This is my field. I teach journalism. Yes, a lot of what I do involves helping students understand why it’s important for someone to cover city council meetings and why a free press is essential for a self-governing democratic society.
They learn about yellow journalism, libel law, and conflicts of interest. I hammer the importance of tight writing, nitpick their grammar and help them learn how to write a solid lead.
I hold forth on how journalists are to be watchdogs, holding the powerful accountable and defending the cause of justice. There is a lot to unpack here, too, as it applies in the life of a Christian, but I’ll save that for another time.
I also try to connect to students with the stories of my life and share in the stories of theirs. I try to help them see how our experiences, our relationships are carried along paths of intertwining narratives that illuminate great beauty and purpose.
They have a story to tell, no matter where they are at in their lives. The people around them have stories to tell that may resonate with readers in ways more profound than they could possibly imagine. And it is a great privilege to be a storyteller, a witness to these shared experiences.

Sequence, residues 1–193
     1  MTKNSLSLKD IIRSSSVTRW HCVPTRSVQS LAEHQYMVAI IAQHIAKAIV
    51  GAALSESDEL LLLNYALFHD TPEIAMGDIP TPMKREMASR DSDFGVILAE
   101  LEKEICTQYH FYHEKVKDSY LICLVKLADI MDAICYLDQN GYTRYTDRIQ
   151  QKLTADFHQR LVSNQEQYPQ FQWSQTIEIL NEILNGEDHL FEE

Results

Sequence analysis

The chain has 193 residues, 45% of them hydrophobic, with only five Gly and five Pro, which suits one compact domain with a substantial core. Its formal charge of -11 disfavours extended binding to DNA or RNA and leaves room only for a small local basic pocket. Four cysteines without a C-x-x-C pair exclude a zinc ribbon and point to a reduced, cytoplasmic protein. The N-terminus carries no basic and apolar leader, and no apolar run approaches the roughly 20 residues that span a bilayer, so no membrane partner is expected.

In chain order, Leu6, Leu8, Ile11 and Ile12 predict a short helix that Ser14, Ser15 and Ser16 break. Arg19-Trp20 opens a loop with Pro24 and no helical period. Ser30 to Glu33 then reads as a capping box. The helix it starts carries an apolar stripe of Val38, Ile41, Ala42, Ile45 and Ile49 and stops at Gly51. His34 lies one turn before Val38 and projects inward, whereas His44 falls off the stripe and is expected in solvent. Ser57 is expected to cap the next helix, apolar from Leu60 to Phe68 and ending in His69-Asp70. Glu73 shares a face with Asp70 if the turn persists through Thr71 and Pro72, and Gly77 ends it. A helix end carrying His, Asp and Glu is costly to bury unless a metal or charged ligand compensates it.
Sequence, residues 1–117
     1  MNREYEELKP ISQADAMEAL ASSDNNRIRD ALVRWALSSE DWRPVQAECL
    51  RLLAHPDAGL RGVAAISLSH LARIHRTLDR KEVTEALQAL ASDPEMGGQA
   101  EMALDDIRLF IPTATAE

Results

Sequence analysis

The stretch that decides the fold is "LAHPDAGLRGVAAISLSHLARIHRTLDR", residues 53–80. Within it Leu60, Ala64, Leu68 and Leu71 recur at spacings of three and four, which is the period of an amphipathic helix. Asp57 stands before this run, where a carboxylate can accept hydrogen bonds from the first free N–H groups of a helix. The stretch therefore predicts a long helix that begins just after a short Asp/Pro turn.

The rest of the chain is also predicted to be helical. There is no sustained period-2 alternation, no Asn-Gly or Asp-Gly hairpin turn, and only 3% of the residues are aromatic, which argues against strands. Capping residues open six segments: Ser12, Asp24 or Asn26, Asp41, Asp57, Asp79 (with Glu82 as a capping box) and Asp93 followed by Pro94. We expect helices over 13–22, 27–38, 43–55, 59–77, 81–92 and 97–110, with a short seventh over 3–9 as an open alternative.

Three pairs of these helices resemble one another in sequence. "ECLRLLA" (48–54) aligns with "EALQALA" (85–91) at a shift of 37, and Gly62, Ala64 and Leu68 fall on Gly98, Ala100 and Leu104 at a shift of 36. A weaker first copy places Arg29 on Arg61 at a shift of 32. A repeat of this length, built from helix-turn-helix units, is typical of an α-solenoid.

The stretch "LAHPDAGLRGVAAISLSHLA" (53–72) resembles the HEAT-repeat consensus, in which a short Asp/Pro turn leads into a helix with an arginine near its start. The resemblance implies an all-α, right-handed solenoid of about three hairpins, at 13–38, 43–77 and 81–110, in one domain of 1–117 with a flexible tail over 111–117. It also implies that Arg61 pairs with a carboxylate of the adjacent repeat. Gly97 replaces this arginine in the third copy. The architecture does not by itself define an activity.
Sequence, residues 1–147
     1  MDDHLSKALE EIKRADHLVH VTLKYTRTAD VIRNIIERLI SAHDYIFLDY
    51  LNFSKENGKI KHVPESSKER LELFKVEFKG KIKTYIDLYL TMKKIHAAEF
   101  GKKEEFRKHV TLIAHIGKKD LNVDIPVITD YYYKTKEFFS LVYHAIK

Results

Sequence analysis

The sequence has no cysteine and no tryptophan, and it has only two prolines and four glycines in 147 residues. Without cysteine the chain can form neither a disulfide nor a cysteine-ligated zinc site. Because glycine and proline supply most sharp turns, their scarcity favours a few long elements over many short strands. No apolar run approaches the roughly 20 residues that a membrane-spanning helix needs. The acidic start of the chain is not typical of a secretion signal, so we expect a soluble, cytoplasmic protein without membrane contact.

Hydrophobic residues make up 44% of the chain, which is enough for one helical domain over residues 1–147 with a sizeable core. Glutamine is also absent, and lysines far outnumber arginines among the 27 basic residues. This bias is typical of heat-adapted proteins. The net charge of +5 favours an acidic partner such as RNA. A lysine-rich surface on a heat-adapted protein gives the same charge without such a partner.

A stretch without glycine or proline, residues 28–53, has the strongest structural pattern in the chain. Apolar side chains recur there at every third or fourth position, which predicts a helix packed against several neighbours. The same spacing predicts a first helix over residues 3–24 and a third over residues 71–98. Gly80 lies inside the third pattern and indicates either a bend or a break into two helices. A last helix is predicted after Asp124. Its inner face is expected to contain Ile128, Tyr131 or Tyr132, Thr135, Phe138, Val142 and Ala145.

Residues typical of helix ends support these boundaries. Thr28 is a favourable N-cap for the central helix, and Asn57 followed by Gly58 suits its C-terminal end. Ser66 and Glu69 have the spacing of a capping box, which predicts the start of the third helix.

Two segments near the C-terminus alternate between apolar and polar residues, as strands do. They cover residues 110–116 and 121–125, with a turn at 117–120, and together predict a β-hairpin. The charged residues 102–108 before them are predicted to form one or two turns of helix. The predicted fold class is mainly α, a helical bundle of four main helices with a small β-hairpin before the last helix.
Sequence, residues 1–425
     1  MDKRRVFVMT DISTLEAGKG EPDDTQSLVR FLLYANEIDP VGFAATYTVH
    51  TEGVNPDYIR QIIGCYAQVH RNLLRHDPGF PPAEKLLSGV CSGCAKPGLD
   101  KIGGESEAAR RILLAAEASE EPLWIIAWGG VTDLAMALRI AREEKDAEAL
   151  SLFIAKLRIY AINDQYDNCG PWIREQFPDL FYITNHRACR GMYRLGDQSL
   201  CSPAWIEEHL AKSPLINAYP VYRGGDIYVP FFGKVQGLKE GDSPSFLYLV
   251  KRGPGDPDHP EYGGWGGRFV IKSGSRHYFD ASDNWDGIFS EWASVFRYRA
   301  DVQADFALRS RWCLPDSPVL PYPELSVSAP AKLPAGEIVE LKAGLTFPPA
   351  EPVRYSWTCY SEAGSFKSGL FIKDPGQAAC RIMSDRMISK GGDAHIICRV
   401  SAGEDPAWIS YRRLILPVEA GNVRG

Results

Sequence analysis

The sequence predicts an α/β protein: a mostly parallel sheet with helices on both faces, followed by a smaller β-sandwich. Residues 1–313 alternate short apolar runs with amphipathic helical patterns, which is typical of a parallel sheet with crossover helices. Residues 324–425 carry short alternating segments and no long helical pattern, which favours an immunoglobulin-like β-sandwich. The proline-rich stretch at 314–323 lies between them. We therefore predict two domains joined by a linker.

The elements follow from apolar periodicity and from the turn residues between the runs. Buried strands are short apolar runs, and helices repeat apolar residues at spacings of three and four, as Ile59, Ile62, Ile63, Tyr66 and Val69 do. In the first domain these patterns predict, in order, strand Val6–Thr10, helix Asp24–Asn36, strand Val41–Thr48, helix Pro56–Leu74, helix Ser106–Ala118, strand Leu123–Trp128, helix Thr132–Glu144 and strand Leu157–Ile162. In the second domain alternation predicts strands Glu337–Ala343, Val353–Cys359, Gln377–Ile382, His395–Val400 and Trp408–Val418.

Narrative theology has come in and out of vogue over the years. Critics have argued that some have replaced sound doctrine with self-consumed meaning-making and suspect interpretations of personal experiences.
In an article for Christianity Today (see the Further Exploration list below), Leslie Leyland Fields argues that personal testimonies too often become divorced from the true, universal master narrative of the Bible and instead bend the boundaries of Christian theology to accommodate today’s counter-Biblical cultural mores of consumerism, idolatry and self-fulfillment.
These are legitimate cautions. And sifting through the subjectivity of personal testimony to find God’s truth is never an easy thing to do. But then again, neither is right interpretation of Scripture.
What I see in the Bible is that Jesus spoke a lot in parables – that is, stories. Revelation tells us that the saints of the last days will overcome Satan “by the blood of the Lamb and by the word of their testimony.”
Before he was martyred in the book of Acts, Stephen sat before the Sanhedrin and retold the story of the Jewish people and the patriarchs as a point of conviction for the religious elite who rejected Christ.